Do you have old Google accounts that you haven’t used in more than two years? You might want to log in and see if anything has changed for them, as Google has announced an update to its policy regarding inactive accounts.
According to the old policy, which was established in 2020 at the same time as the end of the option for unlimited free storage in Google Photos (Google Photos), Google may delete data stored on accounts that haven’t been touched for at least two years, but a blog post written by product manager Ruth Krichli reveals that it’s now possible to delete those accounts entirely.
The new policy will take effect by December of this year at the earliest, so you have time to remember your old login details. According to the website 9to5Google, deleted Gmail addresses will not be available for reuse.
According to Google, account activity is measured by actions such as reading or sending email, using Google Drive, watching a YouTube video, downloading an application in the Google Play store, using Google search or logging in through Google to enter a third-party application or service.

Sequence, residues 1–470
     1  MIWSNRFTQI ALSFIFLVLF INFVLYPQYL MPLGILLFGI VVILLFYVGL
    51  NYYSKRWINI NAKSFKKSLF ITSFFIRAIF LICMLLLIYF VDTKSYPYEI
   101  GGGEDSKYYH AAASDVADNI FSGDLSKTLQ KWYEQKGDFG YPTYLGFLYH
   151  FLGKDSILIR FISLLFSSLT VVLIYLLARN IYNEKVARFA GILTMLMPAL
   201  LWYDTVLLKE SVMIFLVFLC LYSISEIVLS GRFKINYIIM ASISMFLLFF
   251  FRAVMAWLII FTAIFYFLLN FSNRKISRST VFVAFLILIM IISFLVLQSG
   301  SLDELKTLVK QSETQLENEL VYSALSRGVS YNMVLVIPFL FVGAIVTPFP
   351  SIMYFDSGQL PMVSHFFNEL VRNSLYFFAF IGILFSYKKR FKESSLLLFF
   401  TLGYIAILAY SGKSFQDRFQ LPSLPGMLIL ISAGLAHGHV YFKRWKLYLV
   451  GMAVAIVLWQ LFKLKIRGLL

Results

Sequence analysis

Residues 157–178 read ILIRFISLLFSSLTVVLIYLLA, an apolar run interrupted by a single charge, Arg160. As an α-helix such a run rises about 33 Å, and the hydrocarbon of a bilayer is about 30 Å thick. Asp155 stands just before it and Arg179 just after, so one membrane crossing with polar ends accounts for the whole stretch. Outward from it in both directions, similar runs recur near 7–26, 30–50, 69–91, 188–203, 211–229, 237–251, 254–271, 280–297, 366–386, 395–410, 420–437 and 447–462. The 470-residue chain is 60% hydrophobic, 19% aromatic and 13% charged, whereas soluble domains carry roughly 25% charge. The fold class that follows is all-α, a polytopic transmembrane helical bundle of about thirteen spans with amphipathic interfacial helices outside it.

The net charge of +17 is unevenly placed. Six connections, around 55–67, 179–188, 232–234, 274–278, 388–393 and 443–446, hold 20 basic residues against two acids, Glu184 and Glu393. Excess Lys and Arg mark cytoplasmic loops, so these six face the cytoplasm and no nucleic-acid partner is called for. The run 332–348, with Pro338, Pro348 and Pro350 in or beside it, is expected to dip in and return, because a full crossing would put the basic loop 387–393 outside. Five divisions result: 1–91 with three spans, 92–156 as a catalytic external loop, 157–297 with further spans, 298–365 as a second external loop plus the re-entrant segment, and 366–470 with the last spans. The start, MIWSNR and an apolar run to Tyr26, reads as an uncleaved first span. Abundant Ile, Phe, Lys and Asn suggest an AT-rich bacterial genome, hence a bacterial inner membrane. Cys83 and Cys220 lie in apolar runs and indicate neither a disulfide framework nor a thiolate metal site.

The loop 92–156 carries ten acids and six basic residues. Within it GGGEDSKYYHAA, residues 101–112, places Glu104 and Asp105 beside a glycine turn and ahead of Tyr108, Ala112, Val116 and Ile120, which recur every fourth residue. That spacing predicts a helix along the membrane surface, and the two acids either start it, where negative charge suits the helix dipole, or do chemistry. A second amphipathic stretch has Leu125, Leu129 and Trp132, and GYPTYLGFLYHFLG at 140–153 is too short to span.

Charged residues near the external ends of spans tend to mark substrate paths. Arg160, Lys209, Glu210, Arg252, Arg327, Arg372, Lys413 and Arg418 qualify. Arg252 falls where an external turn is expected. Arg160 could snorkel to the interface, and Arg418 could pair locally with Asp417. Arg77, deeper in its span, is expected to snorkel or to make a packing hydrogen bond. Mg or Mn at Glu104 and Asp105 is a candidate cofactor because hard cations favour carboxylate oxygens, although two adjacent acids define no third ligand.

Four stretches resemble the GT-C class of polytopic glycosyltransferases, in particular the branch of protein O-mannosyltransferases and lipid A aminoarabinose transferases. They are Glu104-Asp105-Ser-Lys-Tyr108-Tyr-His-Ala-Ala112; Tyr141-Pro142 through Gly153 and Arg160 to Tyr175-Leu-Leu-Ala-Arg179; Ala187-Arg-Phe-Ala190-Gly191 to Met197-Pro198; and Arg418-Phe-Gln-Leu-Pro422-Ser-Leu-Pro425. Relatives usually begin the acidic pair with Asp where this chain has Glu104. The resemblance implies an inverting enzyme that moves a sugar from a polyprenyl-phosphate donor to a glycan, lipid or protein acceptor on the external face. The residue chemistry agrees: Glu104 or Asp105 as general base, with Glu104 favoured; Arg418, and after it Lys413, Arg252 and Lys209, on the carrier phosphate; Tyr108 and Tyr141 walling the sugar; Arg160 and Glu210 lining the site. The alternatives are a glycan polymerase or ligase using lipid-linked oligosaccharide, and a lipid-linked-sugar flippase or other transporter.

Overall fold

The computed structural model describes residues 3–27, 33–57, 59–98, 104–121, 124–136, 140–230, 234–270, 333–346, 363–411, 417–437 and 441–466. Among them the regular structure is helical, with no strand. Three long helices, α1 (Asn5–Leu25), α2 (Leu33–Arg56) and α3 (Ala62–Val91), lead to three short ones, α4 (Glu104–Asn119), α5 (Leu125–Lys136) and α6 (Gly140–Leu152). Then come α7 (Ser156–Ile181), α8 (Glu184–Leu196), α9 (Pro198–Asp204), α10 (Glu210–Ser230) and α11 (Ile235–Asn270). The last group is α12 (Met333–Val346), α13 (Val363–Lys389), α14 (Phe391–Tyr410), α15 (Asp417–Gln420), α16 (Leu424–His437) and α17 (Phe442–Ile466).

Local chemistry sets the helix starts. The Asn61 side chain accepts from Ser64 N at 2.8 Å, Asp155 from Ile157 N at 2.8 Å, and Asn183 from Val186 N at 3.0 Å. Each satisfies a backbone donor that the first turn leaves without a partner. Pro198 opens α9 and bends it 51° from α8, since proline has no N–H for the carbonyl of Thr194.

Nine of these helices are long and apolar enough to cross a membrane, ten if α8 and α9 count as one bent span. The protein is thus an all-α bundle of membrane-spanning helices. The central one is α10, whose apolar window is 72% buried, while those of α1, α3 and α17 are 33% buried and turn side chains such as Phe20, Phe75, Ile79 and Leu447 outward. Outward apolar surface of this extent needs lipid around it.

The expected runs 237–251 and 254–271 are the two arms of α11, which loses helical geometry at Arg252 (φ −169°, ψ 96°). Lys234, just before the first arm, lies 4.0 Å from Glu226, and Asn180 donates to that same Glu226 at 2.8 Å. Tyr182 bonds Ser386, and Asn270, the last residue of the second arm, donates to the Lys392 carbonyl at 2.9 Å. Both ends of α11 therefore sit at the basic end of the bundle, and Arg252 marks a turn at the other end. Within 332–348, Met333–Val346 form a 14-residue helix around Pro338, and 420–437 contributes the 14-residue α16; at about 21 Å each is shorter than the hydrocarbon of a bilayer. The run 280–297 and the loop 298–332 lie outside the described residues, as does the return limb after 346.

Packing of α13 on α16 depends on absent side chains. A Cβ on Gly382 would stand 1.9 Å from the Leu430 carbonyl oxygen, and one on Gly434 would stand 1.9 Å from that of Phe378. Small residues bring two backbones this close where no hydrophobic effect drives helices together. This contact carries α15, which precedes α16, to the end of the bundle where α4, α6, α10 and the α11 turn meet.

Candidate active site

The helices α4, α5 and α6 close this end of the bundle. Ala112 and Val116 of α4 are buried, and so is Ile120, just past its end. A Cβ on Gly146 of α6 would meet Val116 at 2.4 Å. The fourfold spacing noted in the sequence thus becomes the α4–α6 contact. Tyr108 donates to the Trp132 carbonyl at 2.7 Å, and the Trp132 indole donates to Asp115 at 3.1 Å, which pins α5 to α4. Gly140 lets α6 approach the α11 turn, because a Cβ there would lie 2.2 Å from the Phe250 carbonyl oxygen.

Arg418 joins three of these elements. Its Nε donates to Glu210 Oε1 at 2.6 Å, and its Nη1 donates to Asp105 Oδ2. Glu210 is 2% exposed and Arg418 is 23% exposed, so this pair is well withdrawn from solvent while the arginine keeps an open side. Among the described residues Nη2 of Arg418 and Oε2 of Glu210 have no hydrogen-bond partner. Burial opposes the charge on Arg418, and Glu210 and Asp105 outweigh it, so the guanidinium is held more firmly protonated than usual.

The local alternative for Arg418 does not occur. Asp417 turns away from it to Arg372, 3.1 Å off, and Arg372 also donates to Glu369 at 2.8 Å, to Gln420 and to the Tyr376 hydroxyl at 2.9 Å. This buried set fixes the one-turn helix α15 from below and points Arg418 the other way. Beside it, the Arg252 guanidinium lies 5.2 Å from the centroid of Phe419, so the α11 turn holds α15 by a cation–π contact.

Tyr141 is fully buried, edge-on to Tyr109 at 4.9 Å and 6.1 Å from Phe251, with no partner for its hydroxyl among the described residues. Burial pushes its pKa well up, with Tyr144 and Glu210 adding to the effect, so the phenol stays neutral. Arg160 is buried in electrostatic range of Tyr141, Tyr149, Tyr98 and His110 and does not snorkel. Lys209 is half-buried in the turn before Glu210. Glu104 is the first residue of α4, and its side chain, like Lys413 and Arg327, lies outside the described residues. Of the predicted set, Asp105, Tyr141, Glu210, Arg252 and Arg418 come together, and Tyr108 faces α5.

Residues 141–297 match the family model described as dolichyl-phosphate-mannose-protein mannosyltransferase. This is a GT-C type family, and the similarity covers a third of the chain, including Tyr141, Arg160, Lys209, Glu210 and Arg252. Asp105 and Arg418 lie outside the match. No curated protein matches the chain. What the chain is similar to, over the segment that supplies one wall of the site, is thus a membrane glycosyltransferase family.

At the same time, these do not cover common use of Google accounts, such as transferring your emails from Gmail (if it is an unused address) to your primary email address, and it is not clear if these accounts will also be closed. Google specifically mentions that a subscription to, for example, Google One (Google One) is one of the ways to keep active, but it’s not something you usually do for an additional account.
When the new policy goes into effect, Krichli says the company will start with accounts that have been created and never been touched again, and will also send several messages in the coming months before deletion to the email address and any other email address designated for the recovery of the account.
Why does Google actually delete inactive accounts?
According to the company, this is a security measure, as inactive accounts, often with old or reused passwords, are more likely to be hacked. In addition, it is 10 times less likely than active accounts, which have two-step verification. Once an account is compromised, it can be used for anything from identity theft to spam or even malicious messages.
Did you find a language mistake?